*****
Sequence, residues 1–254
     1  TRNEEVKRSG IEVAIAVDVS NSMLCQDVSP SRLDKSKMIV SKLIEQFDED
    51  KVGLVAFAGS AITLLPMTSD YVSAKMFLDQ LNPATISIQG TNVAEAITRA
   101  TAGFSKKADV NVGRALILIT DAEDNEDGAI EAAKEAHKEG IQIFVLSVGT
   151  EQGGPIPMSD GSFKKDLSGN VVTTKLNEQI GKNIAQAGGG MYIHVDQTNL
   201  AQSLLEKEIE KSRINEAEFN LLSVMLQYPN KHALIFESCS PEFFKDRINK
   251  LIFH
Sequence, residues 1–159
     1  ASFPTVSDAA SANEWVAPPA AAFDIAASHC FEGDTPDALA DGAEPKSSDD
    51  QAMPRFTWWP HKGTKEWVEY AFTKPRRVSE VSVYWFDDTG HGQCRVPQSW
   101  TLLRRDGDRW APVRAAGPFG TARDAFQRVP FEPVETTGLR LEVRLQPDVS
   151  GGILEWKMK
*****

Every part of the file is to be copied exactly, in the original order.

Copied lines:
Sequence, residues 1–254
     1  TRNEEVKRSG IEVAIAVDVS NSMLCQDVSP SRLDKSKMIV SKLIEQFDED
    51  KVGLVAFAGS AITLLPMTSD YVSAKMFLDQ LNPATISIQG TNVAEAITRA
   101  TAGFSKKADV NVGRALILIT DAEDNEDGAI EAAKEAHKEG IQIFVLSVGT
   151  EQGGPIPMSD GSFKKDLSGN VVTTKLNEQI GKNIAQAGGG MYIHVDQTNL
   201  AQSLLEKEIE KSRINEAEFN LLSVMLQYPN KHALIFESCS PEFFKDRINK
   251  LIFH
Sequence, residues 1–159
     1  ASFPTVSDAA SANEWVAPPA AAFDIAASHC FEGDTPDALA DGAEPKSSDD
    51  QAMPRFTWWP HKGTKEWVEY AFTKPRRVSE VSVYWFDDTG HGQCRVPQSW
   101  TLLRRDGDRW APVRAAGPFG TARDAFQRVP FEPVETTGLR LEVRLQPDVS
   151  GGILEWKMK